Supreme Court Justice Samuel Alito, who has been at the center of a number of ethics controversies at the court recently, told the Wall Street Journal lawmakers need to give up on the idea of imposing new rules on the justices.
“No provision in the Constitution gives them the authority to regulate the Supreme Court — period,” he told a pair of interviewers for the business paper’s Opinion section in a piece that appeared Friday.
Alito, who authored the opinion in the Dobbs case that overturned Roe v. Wade, has been unusually active for a sitting federal judge in fending off claims of impropriety.
He went so far as getting the Journal to publish an op-ed he wrote defending himself against claims in a ProPublica story he had failed to disclose a gifted luxury trip and private jet travel — before ProPublica had even published the story.
In the interview published Friday, Alito said ordinarily, “the organized bar” of lawyers would defend the court against its critics. But he said that hasn’t been happening, “And, so at a certain point I’ve said to myself, nobody else is going to do this, so I have to defend myself.”
There’s been a lot to defend lately, as Alito and fellow conservative Justice Clarence Thomas have been accused of failing to properly report gifts on federal disclosure forms. Thomas, in particular, was reported by ProPublica to have accepted trips from Republican megadonor Harlan Crow for years.
The ethics disputes led Senate Democrats to consider requiring the Court to stick to stricter ethics standards, closer to those seen in the congressional and executive branches of the government.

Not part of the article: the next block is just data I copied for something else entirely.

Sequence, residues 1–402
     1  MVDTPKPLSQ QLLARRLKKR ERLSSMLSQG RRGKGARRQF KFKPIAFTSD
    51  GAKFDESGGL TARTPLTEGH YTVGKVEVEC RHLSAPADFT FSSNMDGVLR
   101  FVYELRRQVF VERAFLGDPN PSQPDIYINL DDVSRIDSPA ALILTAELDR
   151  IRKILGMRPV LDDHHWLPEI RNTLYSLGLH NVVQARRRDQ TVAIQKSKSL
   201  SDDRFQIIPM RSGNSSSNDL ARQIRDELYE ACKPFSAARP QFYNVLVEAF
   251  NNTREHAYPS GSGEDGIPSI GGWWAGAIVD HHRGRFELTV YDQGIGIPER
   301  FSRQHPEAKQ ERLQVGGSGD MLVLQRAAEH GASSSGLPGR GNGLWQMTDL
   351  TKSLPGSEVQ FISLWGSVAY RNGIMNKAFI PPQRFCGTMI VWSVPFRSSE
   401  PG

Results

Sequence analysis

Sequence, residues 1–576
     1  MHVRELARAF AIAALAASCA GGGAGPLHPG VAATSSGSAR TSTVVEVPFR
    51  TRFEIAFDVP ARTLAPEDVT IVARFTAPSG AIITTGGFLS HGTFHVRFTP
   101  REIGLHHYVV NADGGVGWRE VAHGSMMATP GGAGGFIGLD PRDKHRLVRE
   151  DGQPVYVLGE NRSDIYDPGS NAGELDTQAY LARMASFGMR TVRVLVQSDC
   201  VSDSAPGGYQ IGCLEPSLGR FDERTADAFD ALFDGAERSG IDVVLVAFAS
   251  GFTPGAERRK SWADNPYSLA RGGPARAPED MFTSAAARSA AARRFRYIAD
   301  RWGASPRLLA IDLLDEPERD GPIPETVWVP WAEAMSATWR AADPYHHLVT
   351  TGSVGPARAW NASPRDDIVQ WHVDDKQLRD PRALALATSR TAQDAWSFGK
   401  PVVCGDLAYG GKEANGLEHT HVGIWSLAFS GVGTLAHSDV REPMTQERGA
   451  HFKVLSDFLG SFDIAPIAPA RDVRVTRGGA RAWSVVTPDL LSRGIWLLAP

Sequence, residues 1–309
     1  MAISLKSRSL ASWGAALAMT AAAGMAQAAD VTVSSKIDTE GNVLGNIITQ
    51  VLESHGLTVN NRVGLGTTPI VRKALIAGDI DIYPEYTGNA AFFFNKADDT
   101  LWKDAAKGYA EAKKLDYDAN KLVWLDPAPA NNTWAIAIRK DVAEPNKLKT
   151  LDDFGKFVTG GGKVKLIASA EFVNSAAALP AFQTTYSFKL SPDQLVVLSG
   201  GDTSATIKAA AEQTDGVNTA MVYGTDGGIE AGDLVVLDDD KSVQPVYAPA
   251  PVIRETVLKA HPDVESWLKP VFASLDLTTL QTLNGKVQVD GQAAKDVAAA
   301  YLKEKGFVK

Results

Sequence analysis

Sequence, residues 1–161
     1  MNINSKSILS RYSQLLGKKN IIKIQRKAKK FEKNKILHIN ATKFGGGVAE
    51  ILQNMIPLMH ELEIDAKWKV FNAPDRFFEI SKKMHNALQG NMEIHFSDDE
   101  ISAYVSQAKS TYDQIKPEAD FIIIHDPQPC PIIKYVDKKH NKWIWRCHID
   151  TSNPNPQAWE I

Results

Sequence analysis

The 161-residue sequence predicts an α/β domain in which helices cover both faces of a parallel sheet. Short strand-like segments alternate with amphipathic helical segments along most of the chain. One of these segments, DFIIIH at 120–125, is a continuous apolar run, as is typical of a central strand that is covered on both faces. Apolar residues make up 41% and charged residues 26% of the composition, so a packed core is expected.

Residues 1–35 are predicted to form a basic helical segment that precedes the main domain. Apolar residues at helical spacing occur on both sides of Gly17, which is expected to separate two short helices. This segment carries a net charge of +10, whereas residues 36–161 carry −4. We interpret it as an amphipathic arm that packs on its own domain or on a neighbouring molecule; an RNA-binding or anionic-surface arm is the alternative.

On July 20, the Senate Judiciary Committee approved a bill by Sen. Sheldon Whitehouse (D-R.I.) that would require the Supreme Court to adopt a code of conduct and create a process to investigate potential breaches.
Chief Justice John Roberts has said such changes aren’t needed, and the court could be trusted to self-regulate. But Alito’s comments appear to go much further, saying Congress cannot impose any requirements on the Supreme Court because it is part of an equal branch of government created by the U.S. Constitution.
Congress already controls one big aspect of the Supreme Court by setting how much it can spend annually, and the Constitution also notes its jurisdiction as a court of appeals is subject to “such regulations as the Congress may make.”
Whitehouse, in a post on social media, said one of two interviewers, who wrote that they sat with Alito for four hours in total over two sessions ending in early July, is part of an effort to block an investigation into Leonard Leo, co-chairman of the libertarian Federalist Society that has been influential in picking GOP nominees to the courts.
News site TPM said that lawyer David Rivkin regularly writes for the Opinion section but is also part of a team with law firm BakerHostetler LLP that has a big taxation case set to come before the court that could decide whether a wealth tax would be constitutional.
Whitehouse posted, “Shows how small and shallow the pool of operatives is around this captured Court — same folks keep popping up wearing new hats.”